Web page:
Some people try to save money by using pre-dyed straps. These are dyed in huge barrels direct at the tannery before the leathercrafter receives them. These straps have a different look and shine to them. While they can be tooled, they do not look right when tooled because of the difference in leather sheen on the surface and in the exposed tooled area. Avoid people who use this type of leather.
The ideal leather should be veg tanned, tooling leather. Your leathercrafter should do all the work from there including dying the strap and finishing it.
For replica releathering, ideal thickness is 7-9oz. Leather thickness goes by oz. You can do a google conversion to see how thick that is in inches/mm.

You Get What You Pay For
Many of these new leather people popping up on eBay, Facebook and YouTube offer their services for a fraction of the price of professionals. Remember, you get what you pay for! These people are usually inexperienced, so they do not know all of the steps necessary to make your strap the best it can be. These people who offer $100-$150 releathering usually give you an incomplete product without you knowing it.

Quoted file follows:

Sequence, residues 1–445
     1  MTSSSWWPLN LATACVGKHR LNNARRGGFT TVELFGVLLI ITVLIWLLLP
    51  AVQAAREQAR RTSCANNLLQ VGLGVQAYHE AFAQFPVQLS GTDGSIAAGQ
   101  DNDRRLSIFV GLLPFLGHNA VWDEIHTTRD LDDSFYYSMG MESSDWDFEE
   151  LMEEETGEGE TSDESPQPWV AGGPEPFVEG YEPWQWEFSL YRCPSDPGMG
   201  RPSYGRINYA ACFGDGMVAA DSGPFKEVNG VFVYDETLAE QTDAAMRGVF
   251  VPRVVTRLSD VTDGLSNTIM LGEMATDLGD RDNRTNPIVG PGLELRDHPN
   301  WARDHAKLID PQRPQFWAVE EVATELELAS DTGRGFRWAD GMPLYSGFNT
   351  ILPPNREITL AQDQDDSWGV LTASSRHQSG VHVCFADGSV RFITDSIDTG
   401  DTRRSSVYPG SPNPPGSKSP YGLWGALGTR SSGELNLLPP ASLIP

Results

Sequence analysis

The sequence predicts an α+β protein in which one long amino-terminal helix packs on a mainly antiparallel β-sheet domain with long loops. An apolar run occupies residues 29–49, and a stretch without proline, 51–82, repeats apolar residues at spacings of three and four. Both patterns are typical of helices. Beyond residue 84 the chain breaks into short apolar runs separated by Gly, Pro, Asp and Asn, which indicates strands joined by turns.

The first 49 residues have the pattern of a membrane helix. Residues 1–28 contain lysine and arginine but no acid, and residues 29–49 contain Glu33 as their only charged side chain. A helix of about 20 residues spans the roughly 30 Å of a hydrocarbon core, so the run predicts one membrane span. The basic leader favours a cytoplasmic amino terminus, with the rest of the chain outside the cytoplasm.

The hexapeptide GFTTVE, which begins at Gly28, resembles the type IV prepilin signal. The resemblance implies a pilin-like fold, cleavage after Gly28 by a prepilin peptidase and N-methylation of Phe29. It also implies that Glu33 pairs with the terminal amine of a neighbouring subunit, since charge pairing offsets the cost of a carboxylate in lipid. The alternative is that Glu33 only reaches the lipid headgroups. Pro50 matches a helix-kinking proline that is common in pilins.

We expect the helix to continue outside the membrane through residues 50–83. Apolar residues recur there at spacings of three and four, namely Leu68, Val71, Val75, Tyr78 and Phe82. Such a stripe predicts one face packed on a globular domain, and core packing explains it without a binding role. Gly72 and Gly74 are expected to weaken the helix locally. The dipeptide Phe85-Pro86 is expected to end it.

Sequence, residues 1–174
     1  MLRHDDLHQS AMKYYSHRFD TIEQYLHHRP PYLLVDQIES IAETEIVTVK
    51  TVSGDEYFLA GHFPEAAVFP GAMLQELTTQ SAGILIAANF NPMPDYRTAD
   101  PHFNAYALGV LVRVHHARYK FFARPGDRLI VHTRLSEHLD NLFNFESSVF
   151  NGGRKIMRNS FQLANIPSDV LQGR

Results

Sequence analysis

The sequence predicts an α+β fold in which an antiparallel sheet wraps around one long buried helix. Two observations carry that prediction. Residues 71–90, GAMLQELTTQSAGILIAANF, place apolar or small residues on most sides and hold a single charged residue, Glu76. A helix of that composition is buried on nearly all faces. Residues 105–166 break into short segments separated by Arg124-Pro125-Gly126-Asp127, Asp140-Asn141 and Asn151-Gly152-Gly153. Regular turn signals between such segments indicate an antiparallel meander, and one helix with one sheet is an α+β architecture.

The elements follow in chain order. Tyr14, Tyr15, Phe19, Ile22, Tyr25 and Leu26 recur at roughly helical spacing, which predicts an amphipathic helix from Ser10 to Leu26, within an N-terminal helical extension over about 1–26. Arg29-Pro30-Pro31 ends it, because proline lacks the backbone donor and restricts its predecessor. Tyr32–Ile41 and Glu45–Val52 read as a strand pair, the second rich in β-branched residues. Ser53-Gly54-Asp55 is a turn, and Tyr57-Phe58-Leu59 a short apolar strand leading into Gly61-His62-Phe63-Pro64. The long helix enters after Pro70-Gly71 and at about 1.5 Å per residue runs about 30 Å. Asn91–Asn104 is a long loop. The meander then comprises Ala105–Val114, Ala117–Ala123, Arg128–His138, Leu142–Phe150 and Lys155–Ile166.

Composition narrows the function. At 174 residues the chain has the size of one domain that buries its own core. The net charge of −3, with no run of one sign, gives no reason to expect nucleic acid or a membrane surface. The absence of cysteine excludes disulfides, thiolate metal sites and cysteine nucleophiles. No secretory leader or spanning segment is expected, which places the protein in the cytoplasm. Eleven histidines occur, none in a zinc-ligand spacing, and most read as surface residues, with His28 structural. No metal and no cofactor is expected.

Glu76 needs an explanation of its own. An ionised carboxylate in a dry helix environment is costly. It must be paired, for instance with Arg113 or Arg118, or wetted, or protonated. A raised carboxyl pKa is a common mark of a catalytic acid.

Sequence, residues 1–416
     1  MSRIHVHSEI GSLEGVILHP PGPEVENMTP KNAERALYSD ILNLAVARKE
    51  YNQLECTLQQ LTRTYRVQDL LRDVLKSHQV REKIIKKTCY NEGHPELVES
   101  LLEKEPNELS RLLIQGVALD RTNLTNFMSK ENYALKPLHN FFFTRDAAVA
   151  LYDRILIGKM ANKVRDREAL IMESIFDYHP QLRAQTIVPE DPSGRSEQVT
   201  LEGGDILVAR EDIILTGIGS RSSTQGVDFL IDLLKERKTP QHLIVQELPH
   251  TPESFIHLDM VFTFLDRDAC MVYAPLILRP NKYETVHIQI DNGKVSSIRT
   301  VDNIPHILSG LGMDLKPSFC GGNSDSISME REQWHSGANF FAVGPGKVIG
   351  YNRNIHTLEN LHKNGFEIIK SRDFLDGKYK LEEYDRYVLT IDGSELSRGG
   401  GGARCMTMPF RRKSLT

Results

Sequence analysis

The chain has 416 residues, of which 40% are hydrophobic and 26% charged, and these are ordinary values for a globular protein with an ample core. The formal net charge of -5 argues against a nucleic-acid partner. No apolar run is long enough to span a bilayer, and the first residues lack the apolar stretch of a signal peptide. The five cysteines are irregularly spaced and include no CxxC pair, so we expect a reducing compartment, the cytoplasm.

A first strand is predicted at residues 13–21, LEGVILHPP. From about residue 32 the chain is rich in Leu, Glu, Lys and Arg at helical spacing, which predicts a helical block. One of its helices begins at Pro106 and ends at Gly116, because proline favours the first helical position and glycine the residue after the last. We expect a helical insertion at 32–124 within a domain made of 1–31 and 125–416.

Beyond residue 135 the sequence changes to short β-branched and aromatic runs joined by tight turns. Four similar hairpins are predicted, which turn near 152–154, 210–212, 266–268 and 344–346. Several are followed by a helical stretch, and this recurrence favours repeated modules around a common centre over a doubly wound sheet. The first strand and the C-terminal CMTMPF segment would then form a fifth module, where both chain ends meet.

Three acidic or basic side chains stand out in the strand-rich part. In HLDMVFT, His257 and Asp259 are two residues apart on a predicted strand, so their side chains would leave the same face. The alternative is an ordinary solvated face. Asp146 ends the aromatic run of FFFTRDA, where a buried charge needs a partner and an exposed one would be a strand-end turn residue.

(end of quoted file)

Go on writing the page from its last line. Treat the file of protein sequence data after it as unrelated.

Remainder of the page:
Some of the tricks they use:
Use of thinner leather (4-6oz weight)
Use of pre-dyed black leather.
Use of low quality “scrap” leather. Leather comes in various qualities. The more expensive leather will tool better, take dye evenly, be free of scars, fat runs, brand marks, and look supple.
Use of a stitching machine instead of hand tooling.